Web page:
These 3 elements are brought together and drawn together by the addition of coconut milk, lime juice & further spices.

Yes, it is a long ingredients list, but it is not as challenging as you may think, particularly not if you buy the Tarka Kit from my online shop!

Pandan leaf is an aromatic herb from East Asia, available from Asian food shops, it freezes really well. You can often buy it at Pestle & Mortar if you live in Lewes.

Roasted Winter Vegetable & Green Lentil Soup

1 small Crown Prince or Butternut squash

2 large carrots

2 large parsnips

250g green lentils

1 stock cube dissolved in 500ml boiling water

1 tsp turmeric

1 medium onion, sliced

1 tsp black mustard seeds

1 tsp cumin seeds

2 cloves of garlic, crushed

1 thumb sized piece of ginger, peeled & grated

1 tbsp Seven Sisters’ Spices Garam Masala

1 dried Kashmiri chilli

1 7cm piece of cinnamon

1 tin coconut milk

juice of 1 lime

1 tbsp Seven Sisters’ Spices Raw Sri Lankan Curry Powder

  • Pre heat your oven to 200c (180 fan)
  • Peel all the Winter vegetables and cut them into similarly sized chunks. Place in a large roasting tray (you may need 2, you don’t want the veg all piled on top of itself) generously douse in olive oil & season well with salt & pepper. Place in the top half of your hot oven and cook for 15-20 minutes, give them a stir and shake and cook for a further 10-15 minutes, or until nicely browned.
  • Put the lentils in a sieve or colander and rinse well under cold water. Place the lentils in a saucepan, cover with the hot stock, add the turmeric ( & pandan leaf if using) stir once place over a low heat and cook steadily for 30-40 minutes. Keep stirring & checking, you may need to top the lentils up with water as they cook.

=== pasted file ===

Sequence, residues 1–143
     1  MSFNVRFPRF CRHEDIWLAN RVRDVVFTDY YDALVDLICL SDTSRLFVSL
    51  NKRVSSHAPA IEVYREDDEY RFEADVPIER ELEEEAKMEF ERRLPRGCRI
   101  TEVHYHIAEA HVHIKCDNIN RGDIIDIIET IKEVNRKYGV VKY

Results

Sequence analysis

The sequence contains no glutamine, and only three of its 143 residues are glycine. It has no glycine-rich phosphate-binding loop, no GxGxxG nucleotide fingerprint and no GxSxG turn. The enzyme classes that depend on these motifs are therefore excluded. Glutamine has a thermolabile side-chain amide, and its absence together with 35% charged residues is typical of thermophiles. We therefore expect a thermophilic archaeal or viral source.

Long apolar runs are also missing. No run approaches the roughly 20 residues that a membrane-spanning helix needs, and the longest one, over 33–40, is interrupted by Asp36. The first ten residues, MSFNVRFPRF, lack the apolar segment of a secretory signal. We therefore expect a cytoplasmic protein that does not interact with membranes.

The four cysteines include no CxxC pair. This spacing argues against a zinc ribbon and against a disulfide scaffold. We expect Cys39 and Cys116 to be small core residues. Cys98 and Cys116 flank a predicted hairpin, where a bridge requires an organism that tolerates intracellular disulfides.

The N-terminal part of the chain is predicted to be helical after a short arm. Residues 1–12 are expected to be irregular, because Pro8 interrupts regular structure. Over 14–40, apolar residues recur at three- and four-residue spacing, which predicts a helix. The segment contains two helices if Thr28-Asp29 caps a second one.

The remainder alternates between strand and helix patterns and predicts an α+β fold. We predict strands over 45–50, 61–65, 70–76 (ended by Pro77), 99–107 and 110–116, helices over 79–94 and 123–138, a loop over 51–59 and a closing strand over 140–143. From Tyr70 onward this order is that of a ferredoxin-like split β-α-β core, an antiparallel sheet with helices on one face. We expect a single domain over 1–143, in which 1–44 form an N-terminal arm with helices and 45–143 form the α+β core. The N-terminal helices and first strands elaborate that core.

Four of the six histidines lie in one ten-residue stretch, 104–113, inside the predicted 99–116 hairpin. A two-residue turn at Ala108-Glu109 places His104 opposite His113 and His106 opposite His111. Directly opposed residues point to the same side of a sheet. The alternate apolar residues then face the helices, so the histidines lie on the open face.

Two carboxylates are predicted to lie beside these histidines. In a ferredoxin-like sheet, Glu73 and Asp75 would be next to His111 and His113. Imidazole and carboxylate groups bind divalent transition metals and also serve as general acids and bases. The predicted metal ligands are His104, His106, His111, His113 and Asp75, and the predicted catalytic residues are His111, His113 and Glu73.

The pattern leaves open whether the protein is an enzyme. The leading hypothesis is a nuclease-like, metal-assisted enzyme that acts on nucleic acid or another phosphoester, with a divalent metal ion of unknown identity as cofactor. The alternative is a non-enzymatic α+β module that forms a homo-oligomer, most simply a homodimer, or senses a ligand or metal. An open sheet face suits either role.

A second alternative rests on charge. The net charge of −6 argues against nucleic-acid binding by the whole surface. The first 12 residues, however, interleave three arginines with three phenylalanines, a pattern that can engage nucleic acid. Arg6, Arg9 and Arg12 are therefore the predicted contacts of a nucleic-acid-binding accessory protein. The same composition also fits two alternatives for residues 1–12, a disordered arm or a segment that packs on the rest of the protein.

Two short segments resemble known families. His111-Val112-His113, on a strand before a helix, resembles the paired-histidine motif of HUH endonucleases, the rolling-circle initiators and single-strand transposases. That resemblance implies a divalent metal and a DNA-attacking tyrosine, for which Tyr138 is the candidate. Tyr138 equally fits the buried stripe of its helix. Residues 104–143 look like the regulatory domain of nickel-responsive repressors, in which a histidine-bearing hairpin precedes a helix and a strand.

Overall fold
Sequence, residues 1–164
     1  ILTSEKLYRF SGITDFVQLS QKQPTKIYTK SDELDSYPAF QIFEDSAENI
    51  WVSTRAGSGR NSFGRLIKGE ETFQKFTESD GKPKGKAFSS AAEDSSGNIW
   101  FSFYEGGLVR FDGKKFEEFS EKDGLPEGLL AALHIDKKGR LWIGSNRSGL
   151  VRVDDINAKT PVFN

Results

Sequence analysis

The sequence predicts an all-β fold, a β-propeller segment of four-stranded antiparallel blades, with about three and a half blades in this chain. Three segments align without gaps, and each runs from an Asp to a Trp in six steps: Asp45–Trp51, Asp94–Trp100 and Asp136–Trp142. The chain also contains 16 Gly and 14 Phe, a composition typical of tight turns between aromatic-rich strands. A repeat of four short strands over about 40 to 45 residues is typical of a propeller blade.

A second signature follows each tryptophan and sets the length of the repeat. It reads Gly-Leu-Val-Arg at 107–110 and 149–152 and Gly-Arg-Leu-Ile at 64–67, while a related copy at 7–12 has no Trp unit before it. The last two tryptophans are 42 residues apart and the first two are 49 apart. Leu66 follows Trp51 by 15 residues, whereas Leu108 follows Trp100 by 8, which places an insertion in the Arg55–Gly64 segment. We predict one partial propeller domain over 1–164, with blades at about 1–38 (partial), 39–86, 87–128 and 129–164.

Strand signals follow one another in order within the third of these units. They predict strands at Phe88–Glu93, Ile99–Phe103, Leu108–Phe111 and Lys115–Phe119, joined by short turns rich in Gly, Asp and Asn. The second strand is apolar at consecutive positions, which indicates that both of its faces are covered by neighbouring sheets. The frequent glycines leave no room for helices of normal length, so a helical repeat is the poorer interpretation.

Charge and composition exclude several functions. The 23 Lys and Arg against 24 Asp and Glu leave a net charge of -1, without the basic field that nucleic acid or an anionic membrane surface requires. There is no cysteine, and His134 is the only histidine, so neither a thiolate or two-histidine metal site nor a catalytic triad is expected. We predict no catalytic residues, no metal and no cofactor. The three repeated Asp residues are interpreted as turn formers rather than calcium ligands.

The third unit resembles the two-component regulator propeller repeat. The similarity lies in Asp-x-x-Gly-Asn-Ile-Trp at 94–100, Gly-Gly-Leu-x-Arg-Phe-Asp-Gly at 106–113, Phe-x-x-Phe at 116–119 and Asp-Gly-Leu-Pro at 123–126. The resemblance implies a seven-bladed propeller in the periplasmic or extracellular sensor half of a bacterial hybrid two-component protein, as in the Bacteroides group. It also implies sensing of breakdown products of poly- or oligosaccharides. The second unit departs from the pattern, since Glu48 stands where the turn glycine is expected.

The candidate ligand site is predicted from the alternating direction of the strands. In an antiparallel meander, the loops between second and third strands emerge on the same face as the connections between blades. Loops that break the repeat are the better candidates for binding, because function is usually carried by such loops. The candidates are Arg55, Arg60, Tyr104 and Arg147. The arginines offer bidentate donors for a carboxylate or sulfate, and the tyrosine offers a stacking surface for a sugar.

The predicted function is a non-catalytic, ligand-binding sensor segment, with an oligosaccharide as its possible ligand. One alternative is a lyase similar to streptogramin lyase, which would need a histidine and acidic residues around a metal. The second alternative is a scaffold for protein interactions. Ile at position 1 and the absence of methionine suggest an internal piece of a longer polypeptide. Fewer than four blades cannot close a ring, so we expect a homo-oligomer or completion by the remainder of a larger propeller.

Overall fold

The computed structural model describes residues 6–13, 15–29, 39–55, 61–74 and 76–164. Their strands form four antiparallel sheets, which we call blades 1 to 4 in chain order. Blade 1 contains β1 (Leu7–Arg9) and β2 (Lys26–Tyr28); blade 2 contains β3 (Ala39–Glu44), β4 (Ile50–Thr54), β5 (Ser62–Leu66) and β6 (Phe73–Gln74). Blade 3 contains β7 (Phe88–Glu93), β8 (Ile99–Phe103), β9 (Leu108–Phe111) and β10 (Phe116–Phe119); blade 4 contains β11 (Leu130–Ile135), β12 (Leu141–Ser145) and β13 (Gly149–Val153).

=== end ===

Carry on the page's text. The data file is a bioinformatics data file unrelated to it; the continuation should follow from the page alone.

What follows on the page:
• Heat a tablespoon of vegetable oil in a large frying pan & add the onion once the pan is hot. Cook low & slow for 10-15 minutes.
  • Once the onions have softened and begun to brown, add the crushed garlic & grated ginger & cook for a further 1-2 minutes, stirring frequently.
  • Add the mustard seeds & cumin seeds & cook for 1-2 minutes, stirring frequently.
  • Add the garam masala, chilli & cinnamon, stir in well and cook for 2-3 minutes until you can really smell the spices.
  • Add the tin of chopped tomatoes, lower the heat and cook uncovered for 15 minutes, stirring occasionally.
  • Once the tarka is cooked you can combine all three soup elements in one big pot – the roasted veg, lentils and tarka. Stir well to combine. You can decide at this point to blend the soup, best done with a hand held blender if you have one. I prefer to mash up soup with an old fashioned potato masher, as I enjoy a bit of texture.
  • Once all the soup ingredients are combined, dd the tin of coconut milk, the juice from 1 lime and the tablespoon of raw Sri Lankan Curry Powder. Cook for a further 5 minutes. Serve with chopped fresh coriander.